Objective: The related molecules bone morphogenetic protein-2 (BMP-2) and transforming growth factor beta-1 (TGF-beta 1) have both been shown to stimulate chondrocyte proteoglycan (PG) synthesis in vitro. We investigated the in-vivo effects of these factors on articular cartilage PG metabolism.
Design: Several doses of BMP-2 or TGF-beta 1 were injected into the murine knee joint, once or repeatedly. Patellar cartilage PG synthesis was measured by [35S]-sulfate incorporation and reverse transcriptase polymerase chain reaction (RT-PCR). PG content was analyzed by measuring safranin O staining intensity on histologic sections.
Results: A single injection of 200 ng BMP-2 induced a much earlier and more impressive stimulation of articular cartilage PG synthesis, than 200 ng TGF-beta 1. RT-PCR revealed that both factors upregulated mRNA of aggrecan more than that of biglycan and decorin. However, 21 days after a single injection of 200 ng TGF-beta 1 PG synthesis still was significantly increased, while stimulation by BMP-2 only lasted for 3 to 4 days. Stimulation by BMP-2 could be prolonged to at least 2 weeks by triple injections of 200 ng each, at alternate days. Remarkably, even after this intense exposure to BMP-2, stimulation of PG synthesis was not reflected in long-lasting enhancement of PG content of articular cartilage. In contrast, even a single injection with 200 ng of TGF-beta 1 induced prolonged enhancement of PG content. After repeated injections, both BMP-2 and TGF-beta 1 induced chondrogenesis at specific sites. 'Chondrophytes' induced by BMP-2 were found predominantly in the region where the growth plates meet the joint space, while those triggered by TGF-beta 1 originated from the periosteum also at sites remote from the growth plates.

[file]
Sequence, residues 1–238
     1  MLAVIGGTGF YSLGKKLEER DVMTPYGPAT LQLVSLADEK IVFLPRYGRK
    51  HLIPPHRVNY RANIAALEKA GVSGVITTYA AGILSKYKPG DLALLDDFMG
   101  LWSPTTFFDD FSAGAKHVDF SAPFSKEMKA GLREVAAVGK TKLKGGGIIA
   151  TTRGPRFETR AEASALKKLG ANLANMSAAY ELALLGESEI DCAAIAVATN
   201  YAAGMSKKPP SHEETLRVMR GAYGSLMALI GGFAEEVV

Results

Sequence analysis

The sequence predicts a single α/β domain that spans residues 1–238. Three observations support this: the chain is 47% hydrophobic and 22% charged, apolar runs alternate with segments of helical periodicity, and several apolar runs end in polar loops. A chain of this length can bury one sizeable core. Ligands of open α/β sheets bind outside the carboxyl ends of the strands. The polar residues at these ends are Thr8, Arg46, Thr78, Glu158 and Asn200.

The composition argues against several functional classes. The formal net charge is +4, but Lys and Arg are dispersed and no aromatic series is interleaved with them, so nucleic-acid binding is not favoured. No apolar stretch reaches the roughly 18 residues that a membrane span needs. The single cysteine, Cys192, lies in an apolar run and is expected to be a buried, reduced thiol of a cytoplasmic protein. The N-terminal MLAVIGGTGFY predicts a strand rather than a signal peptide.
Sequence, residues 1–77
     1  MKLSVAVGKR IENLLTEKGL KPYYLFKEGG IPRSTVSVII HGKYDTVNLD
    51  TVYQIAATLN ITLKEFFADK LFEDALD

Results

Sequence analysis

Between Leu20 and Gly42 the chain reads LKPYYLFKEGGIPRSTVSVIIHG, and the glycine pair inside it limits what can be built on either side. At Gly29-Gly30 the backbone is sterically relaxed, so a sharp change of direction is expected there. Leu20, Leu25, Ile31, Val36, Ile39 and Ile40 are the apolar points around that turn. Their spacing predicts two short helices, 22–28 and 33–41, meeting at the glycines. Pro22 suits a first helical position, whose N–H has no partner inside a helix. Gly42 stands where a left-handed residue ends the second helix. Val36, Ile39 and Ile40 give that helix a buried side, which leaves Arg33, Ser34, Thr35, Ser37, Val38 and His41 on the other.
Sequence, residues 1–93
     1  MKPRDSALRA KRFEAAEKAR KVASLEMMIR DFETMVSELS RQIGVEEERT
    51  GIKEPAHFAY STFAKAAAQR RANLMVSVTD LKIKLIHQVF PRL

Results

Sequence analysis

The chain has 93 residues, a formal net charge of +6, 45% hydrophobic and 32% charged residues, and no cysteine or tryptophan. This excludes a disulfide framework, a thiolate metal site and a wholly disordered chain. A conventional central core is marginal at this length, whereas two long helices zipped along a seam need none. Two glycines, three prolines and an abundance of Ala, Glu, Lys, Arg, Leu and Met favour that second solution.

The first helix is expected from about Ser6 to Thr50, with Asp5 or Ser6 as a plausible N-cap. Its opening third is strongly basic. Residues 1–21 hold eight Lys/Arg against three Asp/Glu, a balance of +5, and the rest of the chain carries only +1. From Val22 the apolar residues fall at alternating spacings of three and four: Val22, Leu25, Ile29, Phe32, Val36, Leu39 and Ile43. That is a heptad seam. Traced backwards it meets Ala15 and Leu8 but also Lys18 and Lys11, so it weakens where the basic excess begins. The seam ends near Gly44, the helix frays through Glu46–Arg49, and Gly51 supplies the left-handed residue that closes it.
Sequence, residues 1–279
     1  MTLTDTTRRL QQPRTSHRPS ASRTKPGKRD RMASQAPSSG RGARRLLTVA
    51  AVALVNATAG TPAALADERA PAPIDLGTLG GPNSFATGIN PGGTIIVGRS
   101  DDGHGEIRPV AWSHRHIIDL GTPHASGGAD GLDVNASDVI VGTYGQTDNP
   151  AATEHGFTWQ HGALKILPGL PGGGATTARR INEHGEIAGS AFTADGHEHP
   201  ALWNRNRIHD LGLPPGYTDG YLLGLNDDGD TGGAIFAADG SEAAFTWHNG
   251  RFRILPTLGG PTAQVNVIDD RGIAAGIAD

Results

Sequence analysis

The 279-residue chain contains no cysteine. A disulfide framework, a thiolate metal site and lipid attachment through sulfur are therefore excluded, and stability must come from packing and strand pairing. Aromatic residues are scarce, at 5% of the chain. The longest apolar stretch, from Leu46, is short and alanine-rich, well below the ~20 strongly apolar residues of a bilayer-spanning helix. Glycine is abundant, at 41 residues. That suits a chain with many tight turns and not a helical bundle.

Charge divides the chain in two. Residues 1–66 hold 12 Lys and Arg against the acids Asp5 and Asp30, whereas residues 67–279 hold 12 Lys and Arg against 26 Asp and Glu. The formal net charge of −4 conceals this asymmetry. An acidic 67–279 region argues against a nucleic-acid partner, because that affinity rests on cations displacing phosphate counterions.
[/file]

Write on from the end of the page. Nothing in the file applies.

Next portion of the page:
Conclusions: BMP-2 and TGF-beta stimulate PG synthesis and PG content with different kinetics, and these factors have different chondro-inductive properties.